In his book, An Infinite Journey, Andrew Davis goes into great depth about the Christian’s journey of sanctification. One component, he says, is experiential knowledge. Combined with factual knowledge about God from the Scriptures, the Lord has also provided us with real-life lessons that teach us about His goodness, His holiness, His grace, His jealousy, His love.
One Scriptural example offered by Davis is of Moses lifting up his arms in prayer. Moses quickly learned through experience that if he let his arms sink to his sides, the tide of the battle would turn against the Israelites in favor of their enemy, the Amalekites (Exodus 17:8-13). It was hard work. So tiresome, in fact, that Moses had to request a rock to sit on, and two assistants to help him hold up his arms. The lesson learned, as Davis points out, was that “prayer is indispensable to the journey of victory that God has prepared for His people” (An Infinite Journey, p. 114).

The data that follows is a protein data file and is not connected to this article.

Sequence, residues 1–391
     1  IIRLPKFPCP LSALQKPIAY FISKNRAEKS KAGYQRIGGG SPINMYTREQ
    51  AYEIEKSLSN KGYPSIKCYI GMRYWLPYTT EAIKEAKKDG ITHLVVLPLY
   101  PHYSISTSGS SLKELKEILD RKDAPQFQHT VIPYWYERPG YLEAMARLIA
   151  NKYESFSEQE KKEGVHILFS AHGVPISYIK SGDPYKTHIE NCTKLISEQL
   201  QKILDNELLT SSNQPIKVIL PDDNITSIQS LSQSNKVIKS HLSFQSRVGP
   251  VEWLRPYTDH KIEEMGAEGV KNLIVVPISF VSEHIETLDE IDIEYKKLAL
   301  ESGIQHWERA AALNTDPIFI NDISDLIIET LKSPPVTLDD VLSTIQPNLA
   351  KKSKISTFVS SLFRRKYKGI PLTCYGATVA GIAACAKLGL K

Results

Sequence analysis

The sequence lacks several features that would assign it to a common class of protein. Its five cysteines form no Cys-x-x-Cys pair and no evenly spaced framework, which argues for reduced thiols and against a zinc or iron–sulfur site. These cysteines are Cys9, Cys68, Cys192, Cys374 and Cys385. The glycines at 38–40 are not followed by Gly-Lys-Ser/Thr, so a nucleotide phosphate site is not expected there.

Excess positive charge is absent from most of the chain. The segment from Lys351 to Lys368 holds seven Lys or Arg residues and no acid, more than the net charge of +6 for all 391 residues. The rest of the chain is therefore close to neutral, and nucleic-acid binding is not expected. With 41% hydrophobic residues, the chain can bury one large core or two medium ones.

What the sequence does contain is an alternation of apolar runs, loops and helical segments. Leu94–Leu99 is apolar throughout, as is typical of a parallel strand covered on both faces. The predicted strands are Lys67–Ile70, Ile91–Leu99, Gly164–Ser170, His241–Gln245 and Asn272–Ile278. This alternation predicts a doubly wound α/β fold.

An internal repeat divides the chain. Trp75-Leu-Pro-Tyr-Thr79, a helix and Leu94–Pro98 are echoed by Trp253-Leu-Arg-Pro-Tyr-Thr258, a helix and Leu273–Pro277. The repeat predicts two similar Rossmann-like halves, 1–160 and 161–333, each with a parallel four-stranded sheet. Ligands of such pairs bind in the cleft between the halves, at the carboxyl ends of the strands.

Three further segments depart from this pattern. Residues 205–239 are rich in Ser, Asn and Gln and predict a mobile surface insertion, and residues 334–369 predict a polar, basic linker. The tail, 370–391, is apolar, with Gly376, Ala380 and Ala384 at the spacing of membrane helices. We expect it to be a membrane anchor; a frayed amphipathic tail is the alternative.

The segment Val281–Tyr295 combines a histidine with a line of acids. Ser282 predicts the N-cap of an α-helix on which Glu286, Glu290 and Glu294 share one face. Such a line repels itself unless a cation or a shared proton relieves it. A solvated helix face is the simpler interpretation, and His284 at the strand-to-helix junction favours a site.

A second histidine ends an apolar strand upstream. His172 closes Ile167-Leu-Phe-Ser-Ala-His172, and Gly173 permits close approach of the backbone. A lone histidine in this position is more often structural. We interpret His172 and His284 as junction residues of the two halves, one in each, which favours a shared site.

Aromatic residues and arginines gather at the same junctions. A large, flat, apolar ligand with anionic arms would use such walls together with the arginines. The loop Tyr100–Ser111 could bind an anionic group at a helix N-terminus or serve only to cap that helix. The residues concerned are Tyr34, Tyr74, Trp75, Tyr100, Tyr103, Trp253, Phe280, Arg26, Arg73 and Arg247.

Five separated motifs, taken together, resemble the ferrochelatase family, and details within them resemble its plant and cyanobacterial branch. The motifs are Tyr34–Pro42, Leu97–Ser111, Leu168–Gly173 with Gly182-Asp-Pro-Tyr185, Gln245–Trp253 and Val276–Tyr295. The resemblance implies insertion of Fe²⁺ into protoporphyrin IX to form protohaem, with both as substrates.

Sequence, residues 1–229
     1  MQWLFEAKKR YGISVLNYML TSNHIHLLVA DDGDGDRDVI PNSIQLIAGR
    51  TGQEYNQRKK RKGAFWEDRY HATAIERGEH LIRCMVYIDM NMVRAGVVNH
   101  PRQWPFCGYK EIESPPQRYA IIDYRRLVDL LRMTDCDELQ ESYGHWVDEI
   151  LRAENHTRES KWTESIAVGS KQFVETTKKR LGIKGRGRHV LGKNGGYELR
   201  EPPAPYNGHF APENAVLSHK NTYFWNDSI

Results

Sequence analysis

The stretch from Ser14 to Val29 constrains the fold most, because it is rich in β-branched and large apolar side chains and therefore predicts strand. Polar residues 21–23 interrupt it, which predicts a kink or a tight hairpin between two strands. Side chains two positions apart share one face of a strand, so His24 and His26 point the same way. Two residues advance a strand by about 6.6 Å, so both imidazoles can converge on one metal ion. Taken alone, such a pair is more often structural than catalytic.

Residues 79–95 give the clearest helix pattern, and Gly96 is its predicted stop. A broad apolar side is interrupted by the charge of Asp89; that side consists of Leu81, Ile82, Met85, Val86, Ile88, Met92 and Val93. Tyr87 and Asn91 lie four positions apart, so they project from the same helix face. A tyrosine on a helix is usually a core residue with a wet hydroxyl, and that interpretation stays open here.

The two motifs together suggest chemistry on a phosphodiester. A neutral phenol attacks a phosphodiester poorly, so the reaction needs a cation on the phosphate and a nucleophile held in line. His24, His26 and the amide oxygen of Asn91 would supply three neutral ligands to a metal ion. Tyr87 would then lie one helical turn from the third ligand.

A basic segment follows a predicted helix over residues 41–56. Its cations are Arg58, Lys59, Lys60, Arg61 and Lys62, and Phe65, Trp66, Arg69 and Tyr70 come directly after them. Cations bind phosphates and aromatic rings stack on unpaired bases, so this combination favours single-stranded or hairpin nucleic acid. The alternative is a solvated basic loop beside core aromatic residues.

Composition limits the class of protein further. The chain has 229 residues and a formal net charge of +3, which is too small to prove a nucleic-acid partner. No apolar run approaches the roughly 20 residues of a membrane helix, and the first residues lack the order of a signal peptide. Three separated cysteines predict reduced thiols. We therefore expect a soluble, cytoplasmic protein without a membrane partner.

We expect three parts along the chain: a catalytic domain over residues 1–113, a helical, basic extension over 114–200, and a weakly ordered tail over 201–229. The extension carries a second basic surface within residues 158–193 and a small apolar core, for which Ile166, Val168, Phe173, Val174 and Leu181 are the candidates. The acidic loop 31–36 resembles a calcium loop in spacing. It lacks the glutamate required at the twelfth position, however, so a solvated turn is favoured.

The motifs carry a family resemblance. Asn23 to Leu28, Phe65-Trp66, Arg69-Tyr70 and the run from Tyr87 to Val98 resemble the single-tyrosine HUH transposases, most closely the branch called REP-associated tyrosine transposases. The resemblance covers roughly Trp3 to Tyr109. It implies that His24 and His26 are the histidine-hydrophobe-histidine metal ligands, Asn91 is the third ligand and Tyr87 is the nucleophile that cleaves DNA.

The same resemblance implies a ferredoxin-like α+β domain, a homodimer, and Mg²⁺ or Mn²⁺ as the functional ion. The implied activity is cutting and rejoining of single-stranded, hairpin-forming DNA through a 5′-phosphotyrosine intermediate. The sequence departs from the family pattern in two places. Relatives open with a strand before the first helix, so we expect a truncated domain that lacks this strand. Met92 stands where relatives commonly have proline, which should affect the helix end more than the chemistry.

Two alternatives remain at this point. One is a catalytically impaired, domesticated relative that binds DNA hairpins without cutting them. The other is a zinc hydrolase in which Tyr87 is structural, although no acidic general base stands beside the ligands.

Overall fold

A lesson I gained from this account was that sometimes we need assistants to hold up our arms. When the climb up the stairs toward heaven becomes tiresome, when the shovel full of snow becomes too much to bear, instead of just rolling down the stairs back to square one, or letting the snow pile up until it’s impassable, we can call for help. We don’t have to walk the Christian life alone.
Firstly, we have God. It’s only by His grace and strength that we’re able to raise our foot to the step or our shovel to the bank in the first place. Secondly, we have a spiritual family. Brothers and sisters in Christ who are called to share the burden and bear each other’s load on the long trudge through the blizzard toward glory.